Twenty-seven people, who were injured as a result of the terrorist act in Russia's Volgograd, where on October 21 a suicide bomber blew up a passenger bus, remain at hospitals, Interfax reports. Most of the patients are in moderately critical condition, doctors say. Nine other people, who were also injured in the explosion, undergo out-patient treatment.
Four patients with severe injuries were flown by EMERCOM helicopters to Moscow hospitals on early Tuesday morning.
The explosion occurred on LiAZ bus. Six people were killed, 40 were wounded. Three days of mourning were declared in the Volgograd region on Tuesday night.
According to the Investigation Committee, the suicide bombing was conducted by 30-year-old Naida Asiyalova, a native of Dagestan. Her disfigured body was found on the scene of the explosion, along with her passport and a ticket to her name from Makhachkala (Dagestan) to Moscow.
The power of the explosion was equivalent to 2-3 kilograms of TNT. It was determined that the explosive device consisted of TNT blocks, two grenades and destructive elements in the form of metal fittings and bolts. An unexploded grenade was also found and defused on the site of the explosion.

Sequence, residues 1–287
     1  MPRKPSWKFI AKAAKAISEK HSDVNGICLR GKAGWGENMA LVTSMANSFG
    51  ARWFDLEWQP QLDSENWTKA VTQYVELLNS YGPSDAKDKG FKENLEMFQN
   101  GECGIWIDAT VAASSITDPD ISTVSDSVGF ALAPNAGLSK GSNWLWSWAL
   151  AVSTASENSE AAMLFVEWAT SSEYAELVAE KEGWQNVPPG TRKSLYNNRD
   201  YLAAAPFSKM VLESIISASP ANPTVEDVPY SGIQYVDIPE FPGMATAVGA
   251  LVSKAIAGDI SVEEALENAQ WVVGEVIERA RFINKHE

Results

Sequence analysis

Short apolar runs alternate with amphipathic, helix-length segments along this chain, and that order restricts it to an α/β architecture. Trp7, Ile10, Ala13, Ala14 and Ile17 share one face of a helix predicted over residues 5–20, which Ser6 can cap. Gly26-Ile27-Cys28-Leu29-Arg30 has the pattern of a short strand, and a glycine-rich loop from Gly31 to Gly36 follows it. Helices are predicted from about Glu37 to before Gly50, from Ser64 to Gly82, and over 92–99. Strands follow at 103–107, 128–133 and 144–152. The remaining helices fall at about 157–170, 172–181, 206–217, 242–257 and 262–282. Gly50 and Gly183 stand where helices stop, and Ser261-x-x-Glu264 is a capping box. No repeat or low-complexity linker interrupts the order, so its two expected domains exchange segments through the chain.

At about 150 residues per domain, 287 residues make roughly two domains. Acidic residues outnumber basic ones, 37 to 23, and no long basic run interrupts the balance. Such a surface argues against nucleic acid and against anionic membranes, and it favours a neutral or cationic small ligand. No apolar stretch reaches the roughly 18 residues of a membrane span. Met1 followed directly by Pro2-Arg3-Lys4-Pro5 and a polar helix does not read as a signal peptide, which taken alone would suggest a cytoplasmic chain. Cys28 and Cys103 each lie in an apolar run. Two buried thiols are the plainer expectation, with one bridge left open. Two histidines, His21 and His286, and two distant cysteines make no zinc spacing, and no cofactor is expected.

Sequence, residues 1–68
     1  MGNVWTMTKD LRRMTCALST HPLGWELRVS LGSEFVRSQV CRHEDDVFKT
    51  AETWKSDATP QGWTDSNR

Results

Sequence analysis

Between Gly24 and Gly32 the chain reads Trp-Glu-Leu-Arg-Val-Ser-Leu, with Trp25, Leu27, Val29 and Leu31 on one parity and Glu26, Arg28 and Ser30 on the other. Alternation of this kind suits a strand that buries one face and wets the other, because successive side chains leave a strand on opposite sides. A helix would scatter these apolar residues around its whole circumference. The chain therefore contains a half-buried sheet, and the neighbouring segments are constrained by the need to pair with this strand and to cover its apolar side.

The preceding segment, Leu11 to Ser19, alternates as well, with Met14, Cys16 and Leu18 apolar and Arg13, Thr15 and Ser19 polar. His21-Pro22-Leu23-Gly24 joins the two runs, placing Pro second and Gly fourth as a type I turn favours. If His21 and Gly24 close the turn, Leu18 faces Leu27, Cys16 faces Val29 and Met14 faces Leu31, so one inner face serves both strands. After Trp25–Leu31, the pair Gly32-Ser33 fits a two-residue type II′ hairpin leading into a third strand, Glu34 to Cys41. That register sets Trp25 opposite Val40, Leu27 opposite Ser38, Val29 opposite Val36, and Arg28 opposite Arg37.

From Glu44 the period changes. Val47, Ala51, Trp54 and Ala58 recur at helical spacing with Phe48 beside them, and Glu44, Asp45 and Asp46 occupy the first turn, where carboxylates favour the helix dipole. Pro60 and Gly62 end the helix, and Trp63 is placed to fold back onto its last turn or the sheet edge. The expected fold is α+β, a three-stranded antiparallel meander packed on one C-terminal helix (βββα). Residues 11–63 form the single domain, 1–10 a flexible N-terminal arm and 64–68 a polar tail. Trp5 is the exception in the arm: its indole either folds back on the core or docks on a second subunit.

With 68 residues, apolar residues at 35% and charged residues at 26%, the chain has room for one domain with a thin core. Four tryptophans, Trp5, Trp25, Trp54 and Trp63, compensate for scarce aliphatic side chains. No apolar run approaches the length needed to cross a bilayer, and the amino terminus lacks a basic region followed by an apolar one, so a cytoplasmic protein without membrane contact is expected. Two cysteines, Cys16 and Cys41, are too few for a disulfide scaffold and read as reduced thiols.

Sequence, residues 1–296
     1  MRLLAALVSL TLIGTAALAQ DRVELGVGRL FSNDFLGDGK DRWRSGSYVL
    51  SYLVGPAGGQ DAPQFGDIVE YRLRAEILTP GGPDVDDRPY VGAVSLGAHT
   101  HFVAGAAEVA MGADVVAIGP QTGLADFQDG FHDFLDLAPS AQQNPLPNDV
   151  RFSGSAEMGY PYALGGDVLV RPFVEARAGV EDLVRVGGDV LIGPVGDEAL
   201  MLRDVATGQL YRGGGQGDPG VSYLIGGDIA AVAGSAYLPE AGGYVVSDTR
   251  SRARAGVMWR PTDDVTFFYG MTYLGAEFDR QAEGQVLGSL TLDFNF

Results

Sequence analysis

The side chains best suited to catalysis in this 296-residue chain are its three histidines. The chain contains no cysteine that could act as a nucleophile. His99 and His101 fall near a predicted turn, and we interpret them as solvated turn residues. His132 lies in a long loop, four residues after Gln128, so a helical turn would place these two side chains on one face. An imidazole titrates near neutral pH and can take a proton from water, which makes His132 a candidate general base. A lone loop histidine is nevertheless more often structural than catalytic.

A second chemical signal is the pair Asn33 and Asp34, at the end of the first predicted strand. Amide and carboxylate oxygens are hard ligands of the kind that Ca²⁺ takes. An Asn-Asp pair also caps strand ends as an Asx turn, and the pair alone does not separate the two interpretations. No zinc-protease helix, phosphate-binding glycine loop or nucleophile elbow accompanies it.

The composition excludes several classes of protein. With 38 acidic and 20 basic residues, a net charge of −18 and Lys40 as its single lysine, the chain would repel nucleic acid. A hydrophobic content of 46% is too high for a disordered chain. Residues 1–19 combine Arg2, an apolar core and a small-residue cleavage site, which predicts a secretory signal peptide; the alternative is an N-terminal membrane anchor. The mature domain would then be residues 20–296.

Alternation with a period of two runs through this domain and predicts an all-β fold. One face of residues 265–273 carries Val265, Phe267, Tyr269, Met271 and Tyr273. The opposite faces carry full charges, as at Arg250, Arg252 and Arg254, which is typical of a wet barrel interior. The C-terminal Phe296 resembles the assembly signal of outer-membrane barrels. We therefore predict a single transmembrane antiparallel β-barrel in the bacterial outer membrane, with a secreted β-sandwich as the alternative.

Journalists of Russia 24 TV channel visited the Dagestani village, where the bomber lived, and talked to her neighbors and friends. They said that they had not seen Asiyalovu for ten years. Her mother, who worked at a post office, had not talked to her daughter for seven years. According to local residents, having left the family home, Naida was living in Moscow. The woman's relatives heard rumors saying that she had contacted members of a terrorist group.
The main organizer of the terrorist attack in Volgograd was allegedly 29-year-old Arsanali Kambulat, the head of a terrorist group in Dagestan. According to intelligence agencies, he became the leader of a terrorist group about six months ago and had conducted one terrorist attack before the bus explosion in Volgograd.